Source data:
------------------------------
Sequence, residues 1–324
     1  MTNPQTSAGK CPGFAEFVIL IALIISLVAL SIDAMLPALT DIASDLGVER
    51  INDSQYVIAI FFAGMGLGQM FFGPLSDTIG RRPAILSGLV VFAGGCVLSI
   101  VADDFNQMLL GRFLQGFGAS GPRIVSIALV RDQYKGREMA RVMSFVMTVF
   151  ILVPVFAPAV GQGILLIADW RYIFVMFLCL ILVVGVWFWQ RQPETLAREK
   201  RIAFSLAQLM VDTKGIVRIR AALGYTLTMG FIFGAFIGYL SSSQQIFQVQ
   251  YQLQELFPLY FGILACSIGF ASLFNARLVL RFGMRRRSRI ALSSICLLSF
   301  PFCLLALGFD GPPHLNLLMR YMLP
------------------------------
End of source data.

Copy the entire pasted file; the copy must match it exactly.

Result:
Sequence, residues 1–324
     1  MTNPQTSAGK CPGFAEFVIL IALIISLVAL SIDAMLPALT DIASDLGVER
    51  INDSQYVIAI FFAGMGLGQM FFGPLSDTIG RRPAILSGLV VFAGGCVLSI
   101  VADDFNQMLL GRFLQGFGAS GPRIVSIALV RDQYKGREMA RVMSFVMTVF
   151  ILVPVFAPAV GQGILLIADW RYIFVMFLCL ILVVGVWFWQ RQPETLAREK
   201  RIAFSLAQLM VDTKGIVRIR AALGYTLTMG FIFGAFIGYL SSSQQIFQVQ
   251  YQLQELFPLY FGILACSIGF ASLFNARLVL RFGMRRRSRI ALSSICLLSF
   301  PFCLLALGFD GPPHLNLLMR YMLP